If you make products for teachers and the majority of teachers are uncertain about the future of their job, they’re unlikely to be spending money on luxury products such as teacher-themed mugs, keychains, or stationery. Although targeting teachers in the past may have produced a lot of sales for your business, that may no longer be a profitable market to target.


Consider if it’s time to target a different type of customer and altering the products you sell.


Even if the group of people you’re targeting are still buying, their needs may have changed, and your products should change with them.


>> They may be finding joy in new ways during a recession; you must know your customers’ PLEASURES (find out how here)


>> They may have different things causing them stress now: you must know your customers’ STRESSORS (find out how here)


If your customers are no longer buying, consider choosing a new, profitabletarget market and offering them a product they’re willing and able to buy. Here’s a step-by-step plan to find customers who will buy your products.





A revenue stream is any way your business makes money.


If a jewelry maker sells their finished pieces and also sells an online course teaching jewelry making, they would have 2 revenue streams.


The more revenue streams your business has, the more likely it is to survive a recession.


If the jewelry maker relied on craft shows to sell her jewelry and can no longer sell at them because people are staying at home, she can still make money by selling her online course.


Her revenue may decrease due to the lack of sales coming from craft shows, but at least there’s some revenue coming in from her online course.


Here are 10 new ways for your business to make money during the recession.


Explore different ways you can make money through your business, aside from simply selling the products you make through Etsy or craft shows.





Your customers may have different budgets now and be reconsidering how much they’re willing to pay for products in your category.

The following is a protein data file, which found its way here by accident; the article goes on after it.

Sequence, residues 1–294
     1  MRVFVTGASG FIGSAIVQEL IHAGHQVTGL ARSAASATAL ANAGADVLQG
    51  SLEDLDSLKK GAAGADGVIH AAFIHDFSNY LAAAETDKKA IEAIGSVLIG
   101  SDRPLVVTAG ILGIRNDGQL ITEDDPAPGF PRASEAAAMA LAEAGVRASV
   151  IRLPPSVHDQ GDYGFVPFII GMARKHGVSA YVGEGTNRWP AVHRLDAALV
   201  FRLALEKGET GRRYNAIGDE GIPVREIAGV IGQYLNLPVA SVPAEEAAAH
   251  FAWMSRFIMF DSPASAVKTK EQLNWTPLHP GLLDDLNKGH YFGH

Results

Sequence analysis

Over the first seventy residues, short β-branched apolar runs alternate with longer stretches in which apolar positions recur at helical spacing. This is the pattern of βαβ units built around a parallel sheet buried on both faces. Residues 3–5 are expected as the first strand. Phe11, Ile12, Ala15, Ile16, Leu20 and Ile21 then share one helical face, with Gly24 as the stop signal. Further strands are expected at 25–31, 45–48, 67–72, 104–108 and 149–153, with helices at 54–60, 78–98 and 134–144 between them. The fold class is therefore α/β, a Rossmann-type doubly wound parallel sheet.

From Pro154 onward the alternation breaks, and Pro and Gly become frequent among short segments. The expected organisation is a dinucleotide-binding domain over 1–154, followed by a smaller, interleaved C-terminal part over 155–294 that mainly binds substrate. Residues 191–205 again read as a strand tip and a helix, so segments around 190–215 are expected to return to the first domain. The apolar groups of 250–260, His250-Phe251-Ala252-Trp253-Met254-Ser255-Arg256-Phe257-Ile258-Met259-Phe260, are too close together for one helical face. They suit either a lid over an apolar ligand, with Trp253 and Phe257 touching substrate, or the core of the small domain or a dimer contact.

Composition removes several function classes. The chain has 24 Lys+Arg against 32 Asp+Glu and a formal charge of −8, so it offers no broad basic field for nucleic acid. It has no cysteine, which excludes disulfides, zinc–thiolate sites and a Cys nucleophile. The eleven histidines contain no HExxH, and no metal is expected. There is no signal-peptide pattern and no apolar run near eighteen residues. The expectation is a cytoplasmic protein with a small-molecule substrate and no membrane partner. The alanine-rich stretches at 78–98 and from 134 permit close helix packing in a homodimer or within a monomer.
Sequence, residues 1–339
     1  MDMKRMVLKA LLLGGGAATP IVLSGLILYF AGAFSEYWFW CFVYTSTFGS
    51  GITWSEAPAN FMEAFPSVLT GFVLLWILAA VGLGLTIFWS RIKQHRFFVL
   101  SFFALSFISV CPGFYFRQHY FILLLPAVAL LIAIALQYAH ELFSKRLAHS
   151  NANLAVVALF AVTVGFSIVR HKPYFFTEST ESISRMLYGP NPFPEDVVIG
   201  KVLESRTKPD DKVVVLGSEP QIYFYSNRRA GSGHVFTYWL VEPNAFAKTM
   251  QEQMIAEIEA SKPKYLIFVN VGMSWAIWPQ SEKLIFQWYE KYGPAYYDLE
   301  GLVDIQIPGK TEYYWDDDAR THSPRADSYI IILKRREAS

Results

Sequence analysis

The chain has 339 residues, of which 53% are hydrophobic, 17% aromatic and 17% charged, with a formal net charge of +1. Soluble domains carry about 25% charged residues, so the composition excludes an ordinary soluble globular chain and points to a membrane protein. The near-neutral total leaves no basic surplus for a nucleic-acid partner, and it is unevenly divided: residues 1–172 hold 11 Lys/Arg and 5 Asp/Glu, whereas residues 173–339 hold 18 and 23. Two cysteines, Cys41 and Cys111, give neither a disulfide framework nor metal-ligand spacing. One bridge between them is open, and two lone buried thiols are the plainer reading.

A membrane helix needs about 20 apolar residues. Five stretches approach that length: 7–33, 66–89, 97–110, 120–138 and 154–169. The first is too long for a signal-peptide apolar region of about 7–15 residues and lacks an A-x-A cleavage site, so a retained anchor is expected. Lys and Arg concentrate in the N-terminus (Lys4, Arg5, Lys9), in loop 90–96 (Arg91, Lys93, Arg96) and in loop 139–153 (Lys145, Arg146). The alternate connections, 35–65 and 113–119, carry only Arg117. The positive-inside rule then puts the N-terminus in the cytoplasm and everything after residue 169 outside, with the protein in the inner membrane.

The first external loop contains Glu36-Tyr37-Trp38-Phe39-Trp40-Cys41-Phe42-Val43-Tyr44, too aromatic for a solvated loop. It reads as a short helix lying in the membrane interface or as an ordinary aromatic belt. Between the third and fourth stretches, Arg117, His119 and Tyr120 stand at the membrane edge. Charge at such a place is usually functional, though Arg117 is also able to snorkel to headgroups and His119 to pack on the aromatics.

Consider the price range your customers may be comfortable spending within during the recession and how you can alter your product offering to be more fitting.


Unless you have really healthy profit margins, you should never simply drop your prices. You must first alter your products to reduce their costs and then reduce your prices.


You also don’t want to do away with your higher-priced products completely.


There are likely still consumers willing and able to pay for your higher-priced options, so you want to continue to offer products for them.


Consider the following product options:











There may be small changes you can make that only increase your costs by a small amount, but greatly increase the value customers place on your products.


For example, if your products are often purchased as gifts, you may consider offering free gift wrapping.


It may only cost you a few extra pennies if you purchase wrapping paper and gift tags from the dollar store, and take you an extra 5 minutes to gift wrap a package and write a short message on a card, but a shopper will see a lot of value in that.


They’re saving money by having the item shipped directly to the gift recipient and it’s one less step they have to take.


Here are a few other ways you can make your products seem more expensive than they are (making customers feel they’re getting a steal of a deal):



  • Improve packaging – let’s imagine a Tiffany & Co bracelet again. What if it came in a clear Ziplock bag? Would you think that bracelet was worth thousands of dollars? On the other hand, what if you packaged a plastic bracelet in a similar way to Tiffany & Co’s actual packaging? The bracelet was placed inside a fabric pouch, which was then placed inside a box wrapped with a beautiful bow. Now that plastic bracelet seems a lot more expensive with just a few inexpensive packing supplies. You can buy your packaging supplies at wholesale prices so they only cost you pennies per product but increase the perceived value of your products.